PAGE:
A stretch of road in Plymouth, Vermont, with a 35 miles per hour speed limit sign on the right and a car approaching in the distance.
Emily Corwin / VPR

This winter's freeze/thaw cycles have been hard on Vermont roads. That's because when moisture gets into cracks then freezes, it causes potholes and frost heaves.

McCallum

Winter’s sudden arrival this fall marked the end of a large road paving project in my town. The resurfacing of a two-lane state highway that stretches forty-two miles from Rockingham to just south of Rutland is a busy corridor, and the project that slowed traffic to a halt all spring and summer led to more than a few frayed nerves.

A view from near the back window of a car looking at oncoming traffic and moving toward going under a bridge.
Gene J. Puskar / Associated Press File

There's been a lot of hype over the years about the future of autonomous vehicles – though mostly in cities, like San Francisco. But Joe Segale, the Vermont Agency of Transportation's director of policy, planning and research, would like to see self-driving cars being tested on Vermont roads.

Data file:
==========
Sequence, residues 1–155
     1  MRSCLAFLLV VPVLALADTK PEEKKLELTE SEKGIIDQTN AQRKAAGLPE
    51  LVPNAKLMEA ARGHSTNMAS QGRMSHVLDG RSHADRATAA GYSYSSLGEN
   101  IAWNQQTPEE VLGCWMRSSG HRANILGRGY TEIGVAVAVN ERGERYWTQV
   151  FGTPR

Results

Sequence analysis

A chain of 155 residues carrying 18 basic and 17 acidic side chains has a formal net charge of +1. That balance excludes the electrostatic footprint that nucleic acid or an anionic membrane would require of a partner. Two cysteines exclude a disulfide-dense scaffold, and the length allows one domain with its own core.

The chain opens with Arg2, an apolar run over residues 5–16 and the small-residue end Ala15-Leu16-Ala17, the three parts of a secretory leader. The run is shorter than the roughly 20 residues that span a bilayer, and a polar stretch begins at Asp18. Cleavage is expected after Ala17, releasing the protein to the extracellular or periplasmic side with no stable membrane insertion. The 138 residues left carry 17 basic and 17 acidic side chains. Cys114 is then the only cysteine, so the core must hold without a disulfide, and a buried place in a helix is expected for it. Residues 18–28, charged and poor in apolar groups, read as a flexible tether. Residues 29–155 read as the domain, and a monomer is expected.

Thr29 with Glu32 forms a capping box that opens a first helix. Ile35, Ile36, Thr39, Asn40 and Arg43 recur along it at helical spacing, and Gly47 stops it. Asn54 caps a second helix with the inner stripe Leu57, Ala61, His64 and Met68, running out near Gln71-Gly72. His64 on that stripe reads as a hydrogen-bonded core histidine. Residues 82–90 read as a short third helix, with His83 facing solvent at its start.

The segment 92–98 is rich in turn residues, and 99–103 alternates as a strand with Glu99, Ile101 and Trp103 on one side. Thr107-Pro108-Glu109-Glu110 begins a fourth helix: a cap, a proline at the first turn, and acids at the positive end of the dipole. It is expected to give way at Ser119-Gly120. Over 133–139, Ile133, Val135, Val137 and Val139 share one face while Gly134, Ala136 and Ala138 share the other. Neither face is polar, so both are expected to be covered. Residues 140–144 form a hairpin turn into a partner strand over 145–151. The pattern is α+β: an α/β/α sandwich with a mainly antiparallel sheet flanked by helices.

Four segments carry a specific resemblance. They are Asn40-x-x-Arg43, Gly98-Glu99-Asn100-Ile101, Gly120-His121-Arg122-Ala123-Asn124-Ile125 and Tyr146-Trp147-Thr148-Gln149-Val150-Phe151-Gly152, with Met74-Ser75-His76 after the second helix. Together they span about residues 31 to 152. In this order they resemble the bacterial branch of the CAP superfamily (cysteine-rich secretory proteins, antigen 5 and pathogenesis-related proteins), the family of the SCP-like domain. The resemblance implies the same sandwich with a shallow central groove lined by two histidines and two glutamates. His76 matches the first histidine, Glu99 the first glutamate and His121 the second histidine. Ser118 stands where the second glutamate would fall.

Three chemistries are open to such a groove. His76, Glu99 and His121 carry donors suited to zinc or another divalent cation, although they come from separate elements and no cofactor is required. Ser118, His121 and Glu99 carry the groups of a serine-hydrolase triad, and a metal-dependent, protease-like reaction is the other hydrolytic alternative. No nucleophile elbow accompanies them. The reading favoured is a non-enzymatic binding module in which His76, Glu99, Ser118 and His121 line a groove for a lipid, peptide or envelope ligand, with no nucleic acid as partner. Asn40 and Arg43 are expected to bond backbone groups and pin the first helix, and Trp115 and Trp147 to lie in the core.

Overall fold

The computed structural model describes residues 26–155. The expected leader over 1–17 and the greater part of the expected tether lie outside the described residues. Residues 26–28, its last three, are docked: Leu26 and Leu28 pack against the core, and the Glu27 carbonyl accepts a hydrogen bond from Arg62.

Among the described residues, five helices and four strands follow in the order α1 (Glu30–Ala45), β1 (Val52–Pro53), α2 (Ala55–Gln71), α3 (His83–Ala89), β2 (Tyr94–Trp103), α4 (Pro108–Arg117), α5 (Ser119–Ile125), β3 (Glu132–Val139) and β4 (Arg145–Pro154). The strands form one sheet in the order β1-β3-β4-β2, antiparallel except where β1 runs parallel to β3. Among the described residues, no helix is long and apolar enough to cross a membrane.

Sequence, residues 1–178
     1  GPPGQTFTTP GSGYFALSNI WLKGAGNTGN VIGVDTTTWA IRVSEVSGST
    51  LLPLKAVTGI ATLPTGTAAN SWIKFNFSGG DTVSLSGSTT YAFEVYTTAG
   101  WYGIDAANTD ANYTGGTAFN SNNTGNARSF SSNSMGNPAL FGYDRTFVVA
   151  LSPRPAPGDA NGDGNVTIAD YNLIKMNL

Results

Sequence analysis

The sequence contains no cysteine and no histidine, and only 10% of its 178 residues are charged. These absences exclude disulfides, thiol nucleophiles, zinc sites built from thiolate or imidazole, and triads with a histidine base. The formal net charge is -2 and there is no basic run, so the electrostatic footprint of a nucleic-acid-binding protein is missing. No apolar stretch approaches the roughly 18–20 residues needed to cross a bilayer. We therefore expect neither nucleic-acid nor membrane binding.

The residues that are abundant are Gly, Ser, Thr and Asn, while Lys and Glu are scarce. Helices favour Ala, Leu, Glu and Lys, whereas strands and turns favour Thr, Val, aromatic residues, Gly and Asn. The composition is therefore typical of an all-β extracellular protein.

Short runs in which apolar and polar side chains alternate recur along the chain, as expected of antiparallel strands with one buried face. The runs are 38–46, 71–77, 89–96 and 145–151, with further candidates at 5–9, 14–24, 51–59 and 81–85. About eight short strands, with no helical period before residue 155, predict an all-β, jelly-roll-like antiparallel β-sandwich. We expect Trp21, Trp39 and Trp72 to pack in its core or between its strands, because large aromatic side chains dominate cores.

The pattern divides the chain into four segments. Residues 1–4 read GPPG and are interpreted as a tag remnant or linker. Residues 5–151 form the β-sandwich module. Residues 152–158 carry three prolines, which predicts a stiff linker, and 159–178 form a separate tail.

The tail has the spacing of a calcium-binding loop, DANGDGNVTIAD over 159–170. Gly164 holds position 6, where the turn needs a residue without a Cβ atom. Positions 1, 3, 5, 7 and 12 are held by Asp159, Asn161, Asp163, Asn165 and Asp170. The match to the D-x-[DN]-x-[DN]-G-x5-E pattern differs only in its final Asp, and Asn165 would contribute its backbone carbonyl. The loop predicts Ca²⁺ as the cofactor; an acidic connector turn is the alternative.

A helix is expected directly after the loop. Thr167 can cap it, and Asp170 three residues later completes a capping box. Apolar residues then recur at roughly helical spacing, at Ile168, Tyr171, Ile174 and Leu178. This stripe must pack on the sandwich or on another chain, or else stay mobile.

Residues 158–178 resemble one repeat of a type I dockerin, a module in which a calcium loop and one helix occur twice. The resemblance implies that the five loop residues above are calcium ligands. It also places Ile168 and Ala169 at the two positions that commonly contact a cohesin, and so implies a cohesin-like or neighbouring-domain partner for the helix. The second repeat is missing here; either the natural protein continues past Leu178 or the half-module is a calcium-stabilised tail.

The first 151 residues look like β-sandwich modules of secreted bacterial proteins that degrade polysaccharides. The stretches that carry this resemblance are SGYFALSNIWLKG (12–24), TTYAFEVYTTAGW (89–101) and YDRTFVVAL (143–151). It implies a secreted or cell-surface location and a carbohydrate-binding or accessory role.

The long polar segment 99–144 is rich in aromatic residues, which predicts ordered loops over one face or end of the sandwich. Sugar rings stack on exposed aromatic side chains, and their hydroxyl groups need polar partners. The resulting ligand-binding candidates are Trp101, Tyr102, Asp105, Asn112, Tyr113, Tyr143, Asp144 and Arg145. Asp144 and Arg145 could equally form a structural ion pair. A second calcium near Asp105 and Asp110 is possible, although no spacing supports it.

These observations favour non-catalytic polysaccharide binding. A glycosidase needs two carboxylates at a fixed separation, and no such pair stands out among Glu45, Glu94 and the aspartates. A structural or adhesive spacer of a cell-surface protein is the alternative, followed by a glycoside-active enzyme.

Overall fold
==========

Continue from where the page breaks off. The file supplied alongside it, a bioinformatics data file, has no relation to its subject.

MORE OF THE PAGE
A test of AllEarth Rail's individually-powered rail cars at a demonstration in Barre.
AllEarth Rail, courtesy

The future of Vermont rail often looks north to Canada and the reintroduction of The Montrealer for passenger service between Vermont and Quebec. But a Burlington company is aiming to expand rural commuter rail service within the state with individually-powered rail cars that could restart local rail service between communities across the state.

Howard Weiss-Tisman / VPR

The Agency of Transportation is installing a suicide prevention fence on the Quechee Gorge Bridge.